Many hands may make light work, and with the right hands they can make quality stitch work.
In the past two months, members of the Sunbonnet Sue Quilt Club worked together to create thousands of masks, and hundreds of other items like gowns for health workers.
“Being quilters, we have stashes of fabric like you can’t believe,” club member Marilyn Williams said.
Their call to action came from Avamere Olympic Rehabilitation of Sequim to club president Sharon Clayton for 100 masks because their personal protection equipment was running low as regulations began to grow for the 2019 novel coronavirus.
Clayton reached out to fellow club members on March 17, and a week later more than 200 masks were donated at a special drop-off location.
Williams said Clayton then reached out to more facilities and word-of-mouth caught on about the club’s efforts. As of last week, 52 club members have created 4,627 face masks, 112 gowns, 75 mask extenders, eight surgery caps and 962 kits cut for masks or gowns.
“This was a really neat project to do,” Williams said. “It felt good to be involved in the community. It’s part of why I’m a Sunbonnet because we give back so much to the community.”
One health facility administrator told Clayton she would have given her a big hug, if she could have.
“They sure appreciated the masks, and we got to reach a lot of people we normally wouldn’t have,” Williams said.
Philomena Lund led the effort to make kits after hearing Clallam County officials ask for medical masks. She issued a challenge online and via email to make 1,000 masks.
Using her own fabric, Lund made kits with 10 masks each and put them at the end of her driveway. Kits included pre-cut fabric and elastic, and directions.
She made 50 kits the first day and people kept coming, and she’s averaged making five kits per day.
Many people have donated supplies and sewing too, she said.
Lund, while working at a brisk pace, accidentally cut the tip off a finger with a rotary cutter but said it’s healing.
The kits keep getting made and picked up by community members, she said.
“It has been a community effort for sure and it has been incredible to be part of something so rewarding,” she said.
Lund said she feels people became so involved because they might have been scared and wanted to do something to help.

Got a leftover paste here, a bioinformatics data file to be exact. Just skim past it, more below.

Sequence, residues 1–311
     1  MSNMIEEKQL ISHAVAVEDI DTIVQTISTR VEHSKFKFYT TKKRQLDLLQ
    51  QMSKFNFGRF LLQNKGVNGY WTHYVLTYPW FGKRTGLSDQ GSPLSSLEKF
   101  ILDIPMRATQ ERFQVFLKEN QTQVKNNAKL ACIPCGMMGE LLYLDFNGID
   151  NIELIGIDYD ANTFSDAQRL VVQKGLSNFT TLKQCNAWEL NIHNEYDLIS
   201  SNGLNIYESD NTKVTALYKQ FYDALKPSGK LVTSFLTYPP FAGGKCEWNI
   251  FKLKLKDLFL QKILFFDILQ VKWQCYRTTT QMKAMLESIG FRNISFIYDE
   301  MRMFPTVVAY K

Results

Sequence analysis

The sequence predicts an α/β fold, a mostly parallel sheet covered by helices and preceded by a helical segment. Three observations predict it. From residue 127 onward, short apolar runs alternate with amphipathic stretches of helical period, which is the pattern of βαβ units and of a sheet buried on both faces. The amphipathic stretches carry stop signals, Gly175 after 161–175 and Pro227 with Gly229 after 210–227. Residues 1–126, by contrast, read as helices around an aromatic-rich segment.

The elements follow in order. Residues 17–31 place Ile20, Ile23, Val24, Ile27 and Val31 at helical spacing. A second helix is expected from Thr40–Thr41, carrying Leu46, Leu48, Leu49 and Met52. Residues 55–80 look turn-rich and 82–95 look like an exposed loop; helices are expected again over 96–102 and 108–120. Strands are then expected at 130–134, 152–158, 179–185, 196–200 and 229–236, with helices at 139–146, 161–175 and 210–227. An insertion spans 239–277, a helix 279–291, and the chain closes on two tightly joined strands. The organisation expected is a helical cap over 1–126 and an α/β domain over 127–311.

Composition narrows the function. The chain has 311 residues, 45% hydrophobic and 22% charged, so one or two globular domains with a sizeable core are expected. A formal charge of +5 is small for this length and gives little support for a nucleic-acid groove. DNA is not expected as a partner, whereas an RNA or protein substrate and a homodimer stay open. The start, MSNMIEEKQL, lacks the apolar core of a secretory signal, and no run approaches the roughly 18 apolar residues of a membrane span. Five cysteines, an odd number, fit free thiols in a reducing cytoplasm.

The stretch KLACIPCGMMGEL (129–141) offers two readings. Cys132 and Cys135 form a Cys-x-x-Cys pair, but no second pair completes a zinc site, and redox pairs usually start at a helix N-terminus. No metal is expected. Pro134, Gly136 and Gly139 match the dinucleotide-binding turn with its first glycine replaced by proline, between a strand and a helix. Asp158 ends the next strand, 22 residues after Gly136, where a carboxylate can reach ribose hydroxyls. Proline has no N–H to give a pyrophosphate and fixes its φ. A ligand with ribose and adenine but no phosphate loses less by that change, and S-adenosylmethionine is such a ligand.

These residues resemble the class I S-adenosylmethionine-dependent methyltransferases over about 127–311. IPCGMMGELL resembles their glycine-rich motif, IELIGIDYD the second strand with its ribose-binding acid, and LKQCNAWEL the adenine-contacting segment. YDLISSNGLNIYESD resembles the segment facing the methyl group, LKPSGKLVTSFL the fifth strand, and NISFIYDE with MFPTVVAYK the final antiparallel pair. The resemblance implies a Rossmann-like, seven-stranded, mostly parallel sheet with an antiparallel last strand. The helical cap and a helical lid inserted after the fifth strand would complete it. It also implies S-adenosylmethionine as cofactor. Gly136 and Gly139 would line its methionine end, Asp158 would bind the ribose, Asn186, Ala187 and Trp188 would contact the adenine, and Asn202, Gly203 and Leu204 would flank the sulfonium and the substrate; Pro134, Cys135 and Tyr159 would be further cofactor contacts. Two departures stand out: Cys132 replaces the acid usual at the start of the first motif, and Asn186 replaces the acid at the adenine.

“Making masks was something many people felt comfortable enough to dos,” she said, “so making masks was good for the makers as well as those who wear the masks.”
Joy and bells
Another Sunbonnet Sue Quilt Club member Loretta Bilow said she quit counting how many masks she’s made after finishing 60.
“It has meant a lot to me,” she said. “I haven’t stopped making them. I still make a couple a day for family, friends and neighbors.”
Bilow continues to make Joy Quilts with others through the club too where a small quilt wraps a stuffed animal to go to first responders and medical professionals to share with children experiencing trauma or unwelcome transition in their lives.
“I’ve been with the club for 20 years and (Joy Quilts) is one of the best things that has happened in my life,” Bilow said.
She last delivered 42 Joy Quilts two weeks ago to local agencies.
Along with sewing masks and Joy Quilts, and working on quilts for her newest great-granddaughter, Bilow has kept a tradition of ringing a bell every night at 7 p.m. to honor people who help the ill. Her son, granddaughter and several neighbors participate, too.
Hold and efforts
Williams said the club placed a hold on creating more masks for the time being as they await word on a potential second wave of demand for face masks if COVID-19 concerns escalate again.
Sunbonnet Sue Quilt Club has not been meeting in recent months at the Sequim Masonic Lodge with its temporary closure and because many of their members are at higher risk of contracting the coronavirus, Williams said.
For their efforts, club member Toni Kline found and shared a pattern for long sleeve medical gowns, and initial donations of fabric was donated by the Community Quilt group, and Irene Snodgrass and Williams.